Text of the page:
BOSTON -- The digital disruption of traditional business models is all around us, from Netflix's assault on network TV, to Uber's customer-centric answer to calling a cab, to the industry-decimating power of the iPhone.
"[The iPhone] destroyed 27 business models," said Ray Wang, principal analyst and founder of Constellation Research. "Where do you get your flashlight? Where do you go for GPS? Where do you get your photos developed? Where do you get your music?"
The question for IT leaders is how can they help their companies successfully navigate the digital shift, Wang said. A keynote speaker at the Oracle CloudWorld conference in Boston last week, Wang outlined the hallmarks of some well-known digital disruptors and laid out why the cloud is the foundation for helping companies go digital.
Wang said the first thing IT leaders need to understand is that the digital shift happening right now is not about the cloud or about technology per se but about technologies being applied to business models, and in particular, to improving customer service.
"We are competing for experiences and outcomes in this digital business revolution," Wang said. "We're talking about delivering things that people get excited about." If companies can provide experiences that customers get excited about, the traditional customer metrics -- conversion rates, referrals, customer loyalty, reducing customer acquisition costs -- will follow, Wang said. "[These are] the outcomes we're trying to bring with customer experience."
How cloud helps
Cloud computing helps companies deliver a seamless customer experience in several ways, Wang said, by removing many of the barriers blocking companies from engaging with customers, as well as the barriers blocking customers from finding and engaging with the information or services they need.
Ray Wang, analyst
The time saved by the cloud's capacity to speed up IT implementation leaves more time to think about improving the delivery of these services, from design to rollout.
"You want to spend the time you would not have had before to design the experience, improve the quality of implementation, to get your project plans done correctly -- to use that opportunity to do it right," Wang said. "The worst thing you can do is replicate the same crap that you did in the other system in the cloud."
Cloud also makes more frequent upgrades possible, without disrupting the work flow, Wang said. The standard upgrade cycles of every two years or every year keep getting shorter.
"There's some consumer software that you use that gets updated every day," Wang said. "If you had 365 upgrades and you waited until the next year to do that on premises, how far would you be behind? That's the pace of change. You cannot fall that far behind."
Employees are your customers too
Wang said it's not only important to deliver a seamless experience to customers, but it's also important to use the cloud to deliver an experience to your employees that will ultimately make them more productive. And he said you do that by giving them access to the information and tools they need when and where they need them.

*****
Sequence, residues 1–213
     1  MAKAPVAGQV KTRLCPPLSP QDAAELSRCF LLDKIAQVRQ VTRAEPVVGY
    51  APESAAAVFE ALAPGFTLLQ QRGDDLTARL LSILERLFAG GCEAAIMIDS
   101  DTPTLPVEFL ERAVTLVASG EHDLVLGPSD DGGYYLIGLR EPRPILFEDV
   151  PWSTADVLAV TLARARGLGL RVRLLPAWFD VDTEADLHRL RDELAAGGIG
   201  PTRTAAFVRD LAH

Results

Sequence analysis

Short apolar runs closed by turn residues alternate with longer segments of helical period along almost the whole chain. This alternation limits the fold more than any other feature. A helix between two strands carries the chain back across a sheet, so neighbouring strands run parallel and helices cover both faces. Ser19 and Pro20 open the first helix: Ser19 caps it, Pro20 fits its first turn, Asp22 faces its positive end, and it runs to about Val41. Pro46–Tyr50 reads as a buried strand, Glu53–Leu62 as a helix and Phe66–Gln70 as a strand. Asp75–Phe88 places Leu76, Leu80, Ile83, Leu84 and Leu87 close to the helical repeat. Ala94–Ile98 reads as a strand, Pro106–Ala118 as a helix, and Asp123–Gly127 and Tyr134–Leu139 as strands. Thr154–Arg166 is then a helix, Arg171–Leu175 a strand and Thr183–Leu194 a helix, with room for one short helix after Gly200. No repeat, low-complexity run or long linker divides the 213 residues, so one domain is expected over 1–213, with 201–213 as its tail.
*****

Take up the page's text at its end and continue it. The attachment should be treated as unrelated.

"You want to take away the barriers [for employees] of engaging in your systems; you want to bring information up to democratize data [and] ultimately to democratize decision making," Wang said.
Wang likened it to walking into the room and knowing what was on everyone's mind so that he could better gear his presentation to answering their questions and concerns. The same would be useful for employees: If each employee had all he or she needs in front of them -- and just what they need -- they would be more efficient at problem solving -- and better yet at disrupting the status quo.
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A new company and an old one use technology to deliver an impeccable customer experience
Uber is an example of a company that has applied new technologies to effectively reinvent an industry. The controversial transportation company leverages the cloud, big data, the IoT, mobile and social to deliver a highly personalized experience to its customers, Wang said. Customers hail a cab via a mobile app and rate drivers using social media. (Drivers also rate customers in the same manner.) On the back end, Uber uses sophisticated analytics to optimize its pricing to reflect outside conditions which drive up demand, such as rainy weather. It also takes advantage of sensors and GPS to track its drivers and customers.
Disney is an example of an old-school business disrupting itself with new technology. The entertainment company's much-publicized Magic Bands give customers a seamless experience while visiting the amusement parks, functioning as a room key, credit card and their pass to various rides. Additionally, Disney knows where everyone with a Magic Band is, what they're buying and what rides they're riding at all times. Customers pay more the convenience, while at the same providing Disney with a trove of data to mine, Wang said.
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